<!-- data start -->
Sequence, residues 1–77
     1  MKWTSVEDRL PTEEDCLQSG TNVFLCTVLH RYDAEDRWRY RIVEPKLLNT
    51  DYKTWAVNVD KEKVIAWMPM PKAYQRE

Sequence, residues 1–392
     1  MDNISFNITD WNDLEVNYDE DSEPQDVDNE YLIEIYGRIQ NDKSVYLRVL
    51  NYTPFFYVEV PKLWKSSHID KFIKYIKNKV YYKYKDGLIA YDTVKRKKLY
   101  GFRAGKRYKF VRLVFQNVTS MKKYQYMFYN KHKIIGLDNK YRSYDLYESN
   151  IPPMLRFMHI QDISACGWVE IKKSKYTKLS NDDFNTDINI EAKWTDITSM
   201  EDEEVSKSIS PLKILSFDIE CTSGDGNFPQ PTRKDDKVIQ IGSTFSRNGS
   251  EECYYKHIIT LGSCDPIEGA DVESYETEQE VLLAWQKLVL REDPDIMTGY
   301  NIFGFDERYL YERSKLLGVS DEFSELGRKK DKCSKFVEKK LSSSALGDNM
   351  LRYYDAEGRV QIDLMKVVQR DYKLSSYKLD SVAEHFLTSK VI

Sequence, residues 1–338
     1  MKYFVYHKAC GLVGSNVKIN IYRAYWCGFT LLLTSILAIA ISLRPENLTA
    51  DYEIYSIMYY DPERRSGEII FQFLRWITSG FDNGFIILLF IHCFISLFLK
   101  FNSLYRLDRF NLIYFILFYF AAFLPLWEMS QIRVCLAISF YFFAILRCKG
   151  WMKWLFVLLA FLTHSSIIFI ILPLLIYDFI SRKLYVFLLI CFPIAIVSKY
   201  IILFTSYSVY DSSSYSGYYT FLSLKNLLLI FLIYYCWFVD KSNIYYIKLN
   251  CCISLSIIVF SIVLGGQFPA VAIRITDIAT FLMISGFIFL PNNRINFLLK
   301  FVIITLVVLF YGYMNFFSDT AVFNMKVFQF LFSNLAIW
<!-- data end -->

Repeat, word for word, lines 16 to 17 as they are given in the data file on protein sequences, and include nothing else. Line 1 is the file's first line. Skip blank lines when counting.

   101  FNSLYRLDRF NLIYFILFYF AAFLPLWEMS QIRVCLAISF YFFAILRCKG
   151  WMKWLFVLLA FLTHSSIIFI ILPLLIYDFI SRKLYVFLLI CFPIAIVSKY